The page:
have in mind? The Minister should list and provide a detailed plan of what
projects he has in mind. We are reliably informed that the amount raised
has been used to reduce Governments indebtedness at the Central Bank
and that the funds are not available anymore for the purpose for which it
was raised. This is sad and raises a whole lot of credibility issues. How can
we borrow such a huge amount to fill a gap at the Bank of Ghana, the
central bank? Is this the use to which non-concessional borrowing should

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be put? This is a very serious development and Government and Bank of


Ghana should urgently comment on this.

Special Tax On Petroleum


The budget has unleashed more hardships on Ghanaians by hurriedly
passing into law a 17.5% Special Tax on petroleum products. The speed
and manner of passage of this tax in itself shows that Government is aware
of the strength of feeling against this tax and did not want the public to
debate it before passage. We should recall that this is the same
government who at the time Petroleum prices hit $147 per barrel
complained that petrol prices were too high. They went on demonstrations
using the Committee for Joint action (CJA) to protest the high price of
petroleum products. At the time, they argued that the taxes on petroleum
products should be reduced and promised to reduce petroleum prices
drastically when elected. Six years down the road, many of the CJA
demonstrators are now ministers in this NDC government and they have
forgotten all their promises to the Ghanaian people. The NDC has
demonstrated in so doing that they do not care and they cannot be trusted.

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In 2008, the price of a litre of kerosene (which is largely used in rural areas)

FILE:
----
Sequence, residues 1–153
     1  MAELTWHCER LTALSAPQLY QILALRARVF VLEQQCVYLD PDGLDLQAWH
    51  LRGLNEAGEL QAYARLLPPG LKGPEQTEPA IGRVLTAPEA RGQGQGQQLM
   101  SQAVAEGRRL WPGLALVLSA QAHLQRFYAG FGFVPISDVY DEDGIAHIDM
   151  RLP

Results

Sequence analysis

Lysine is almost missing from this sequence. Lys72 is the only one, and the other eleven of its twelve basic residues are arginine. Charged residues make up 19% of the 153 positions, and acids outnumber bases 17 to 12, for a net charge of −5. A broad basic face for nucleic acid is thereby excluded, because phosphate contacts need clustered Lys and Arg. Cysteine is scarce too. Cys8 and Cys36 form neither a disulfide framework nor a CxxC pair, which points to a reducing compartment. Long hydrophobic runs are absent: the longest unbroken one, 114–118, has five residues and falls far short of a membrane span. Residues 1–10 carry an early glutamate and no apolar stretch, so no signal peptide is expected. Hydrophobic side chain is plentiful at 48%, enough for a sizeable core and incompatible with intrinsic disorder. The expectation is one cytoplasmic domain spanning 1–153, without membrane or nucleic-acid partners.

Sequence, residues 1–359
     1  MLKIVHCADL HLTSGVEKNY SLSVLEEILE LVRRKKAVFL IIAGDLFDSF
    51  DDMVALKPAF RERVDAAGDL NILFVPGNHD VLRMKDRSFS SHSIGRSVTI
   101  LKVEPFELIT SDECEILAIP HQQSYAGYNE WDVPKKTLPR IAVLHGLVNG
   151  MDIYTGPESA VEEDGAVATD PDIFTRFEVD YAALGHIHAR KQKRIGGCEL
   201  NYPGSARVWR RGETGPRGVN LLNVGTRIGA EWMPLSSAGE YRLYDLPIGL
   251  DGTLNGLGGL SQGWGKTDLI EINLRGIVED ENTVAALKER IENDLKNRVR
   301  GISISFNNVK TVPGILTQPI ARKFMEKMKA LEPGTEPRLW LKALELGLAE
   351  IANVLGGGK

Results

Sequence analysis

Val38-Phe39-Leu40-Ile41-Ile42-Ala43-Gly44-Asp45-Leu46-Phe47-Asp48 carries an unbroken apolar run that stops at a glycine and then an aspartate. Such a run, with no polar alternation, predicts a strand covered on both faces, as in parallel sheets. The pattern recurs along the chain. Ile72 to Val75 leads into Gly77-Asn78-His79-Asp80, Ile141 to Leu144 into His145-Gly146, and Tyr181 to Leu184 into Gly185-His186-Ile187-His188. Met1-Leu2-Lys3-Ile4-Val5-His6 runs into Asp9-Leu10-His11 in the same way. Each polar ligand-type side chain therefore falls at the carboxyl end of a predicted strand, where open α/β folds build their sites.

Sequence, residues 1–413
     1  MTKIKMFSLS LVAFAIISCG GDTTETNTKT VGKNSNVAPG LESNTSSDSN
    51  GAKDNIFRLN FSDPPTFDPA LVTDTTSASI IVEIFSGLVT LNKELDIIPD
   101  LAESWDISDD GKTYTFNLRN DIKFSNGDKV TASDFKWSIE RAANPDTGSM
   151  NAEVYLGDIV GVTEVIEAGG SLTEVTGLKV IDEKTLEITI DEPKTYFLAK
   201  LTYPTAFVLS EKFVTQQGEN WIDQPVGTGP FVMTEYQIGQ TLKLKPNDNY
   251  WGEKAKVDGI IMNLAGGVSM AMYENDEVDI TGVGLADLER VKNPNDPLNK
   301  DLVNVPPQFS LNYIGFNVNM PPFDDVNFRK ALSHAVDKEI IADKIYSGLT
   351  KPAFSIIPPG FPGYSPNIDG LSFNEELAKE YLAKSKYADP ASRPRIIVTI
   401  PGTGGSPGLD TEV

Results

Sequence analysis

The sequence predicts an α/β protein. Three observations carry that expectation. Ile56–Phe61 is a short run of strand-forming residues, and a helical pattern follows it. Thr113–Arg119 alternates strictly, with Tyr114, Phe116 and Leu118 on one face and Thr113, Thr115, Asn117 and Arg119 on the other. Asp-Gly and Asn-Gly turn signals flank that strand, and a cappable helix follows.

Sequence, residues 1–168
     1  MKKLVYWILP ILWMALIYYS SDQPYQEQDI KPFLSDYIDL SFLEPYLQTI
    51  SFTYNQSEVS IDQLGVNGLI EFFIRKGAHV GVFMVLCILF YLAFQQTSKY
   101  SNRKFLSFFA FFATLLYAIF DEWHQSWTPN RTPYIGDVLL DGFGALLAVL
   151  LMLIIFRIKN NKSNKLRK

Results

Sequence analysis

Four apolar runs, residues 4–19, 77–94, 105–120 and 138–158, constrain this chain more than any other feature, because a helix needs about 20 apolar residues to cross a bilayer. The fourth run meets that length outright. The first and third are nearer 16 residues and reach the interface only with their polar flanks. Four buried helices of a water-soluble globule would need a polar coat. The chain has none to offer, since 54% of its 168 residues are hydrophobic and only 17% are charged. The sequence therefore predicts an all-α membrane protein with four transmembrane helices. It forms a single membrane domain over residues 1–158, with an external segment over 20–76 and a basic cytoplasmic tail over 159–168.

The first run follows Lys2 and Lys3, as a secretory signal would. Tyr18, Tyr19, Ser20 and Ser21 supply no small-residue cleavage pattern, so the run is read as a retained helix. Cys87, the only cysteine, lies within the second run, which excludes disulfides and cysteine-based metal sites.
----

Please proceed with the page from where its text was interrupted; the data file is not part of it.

was Ghp70. At that time it represented 31% of the daily minimum wage.
The NDC said the price was too high. Before the 2015 budget the same
litre of kerosene had increased to GHC3.23, representing 53.8% of the
daily minimum wage. It is clear that an additional special tax of 17.5% will
only further increase the burden on Ghanaians. The government, through
the NPA, in applying the automatic price adjustment formula should have
reduced the price of petroleum products following the recent global
reduction in oil prices. Rather than doing this, the NPA, with the tacit
support of Government, has refused to do so. The Automatic Price
Adjustment Formula has apparently now become an Automatic Upward
Price Adjustment Formula under this NDC government. While consumers
are still trying to figure out what is going on, they have now been hit by a
Special Tax. Ghanaians can now understand that this NDC government
cannot be trusted. Is the government going to implement a Special Wage
Increase to compensate workers?
This Special Tax on petroleum products is bound to also increase the
already high cost of doing business in the country. At the time when many
businesses are having to pay for diesel to run generators as a result of

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load-shedding, they are being asked to pay more taxes on fuel. This would
increase the cost of production.
We strongly believe that that this tax measure is unwarranted. If the deep
seated waste and reported corruption in payroll administration is corrected